Wednesday, September 23, 2009

Ethics Rules v. Hot Startup: What Makes Sense for Consumers and Lawyers?

I've been following a couple of developments in the local/legal Internet advertising market that seem to highlight the disconnect between product innovation and lawyers looking to leverage these innovations to build their practice.
  • The first involves an ethics complaint filed by a Connecticut attorney who seems annoyed by the pay-per-lead advertising model used by Total Attorneys. This attorney is categorizing this advertising model as an illegal referral agency.
  • The second involves the winner of the TechCrunch 50 contest, a new company called Red Beacon. Red Beacon, started by two former Google product guys, sets consumers up to "Compare prices and book an appointment for any local service." Red Beacon takes performance-based advertising to the extreme - they only get paid (10%) if the local professional gets paid.

As we sell online advertising to lawyers every day, I'm acutely aware of the general disdain that many lawyers have for referral services. Their disdain is understandable - traditional referral agencies take anywhere from 25-33% of the total fees collected as compensation for qualifying a potential client and making an introduction. That's a healthy chunk of change.

However, the aversion to referral agencies is not just economic. I remember speaking to a friend of mine about legal marketing. My friend is a lawyer (and a successful internet advertising exec) and he told me that he was trained that lawyers should not "sell." Rather, they were members of a "learned profession" doing a "public service" by performing legal services for clients (at $500/hr).

Put those two traits together and you can understand the scorn towards the lawyers operating referral agencies. Typically, they are perceived as the "hustlers" and "ambulance chasers" that cause their profession to lose its prestige. But, is that really what is going on at Total Attorneys when they charge you $65 for a bankruptcy lead? What about Red Beacon when they charge you 10% of what you collect and ask you to compete for the consumer? Seems more like they are looking to make the advertising more performance driven . . .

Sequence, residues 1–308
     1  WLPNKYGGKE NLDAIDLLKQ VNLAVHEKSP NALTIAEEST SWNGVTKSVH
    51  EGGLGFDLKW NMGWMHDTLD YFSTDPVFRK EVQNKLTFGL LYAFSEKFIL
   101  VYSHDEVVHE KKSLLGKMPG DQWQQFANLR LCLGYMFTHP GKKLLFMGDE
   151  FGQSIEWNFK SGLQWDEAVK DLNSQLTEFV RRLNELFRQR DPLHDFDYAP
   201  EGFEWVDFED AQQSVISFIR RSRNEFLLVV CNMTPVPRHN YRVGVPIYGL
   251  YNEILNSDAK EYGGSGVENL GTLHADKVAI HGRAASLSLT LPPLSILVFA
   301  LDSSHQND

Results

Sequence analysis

Not sure where the ethics committees will weigh in on the Total Attorneys case . . . but one thing is clear: the Red Beacon product is a non-starter in the legal field (for now). Last week, an attorney told me that she was "not going to run to the phone and compete for the client like she was a house painter or general contractor." So, I'm spending $5,000-10,000 getting my house painted and those guys should be price shopped. But, not an attorney charging anywhere from $2,500 - $10,000? Does that make sense to you?

The funny thing is that consumers want businesses to compete for their business. That's why Red Beacon was so intriguing to the Tech Crunch guys and the venture capitalists.

5 comments:

  1. One thing to note is that Redbeacon only charges 10% of the hourly rate, up to the first 5 hours. So if a lawyer was charging $300/hour, then the most Redbeacon could charge would be $150 (10% x $300 x 5). That's not too unreasonable on a $10,000 case.

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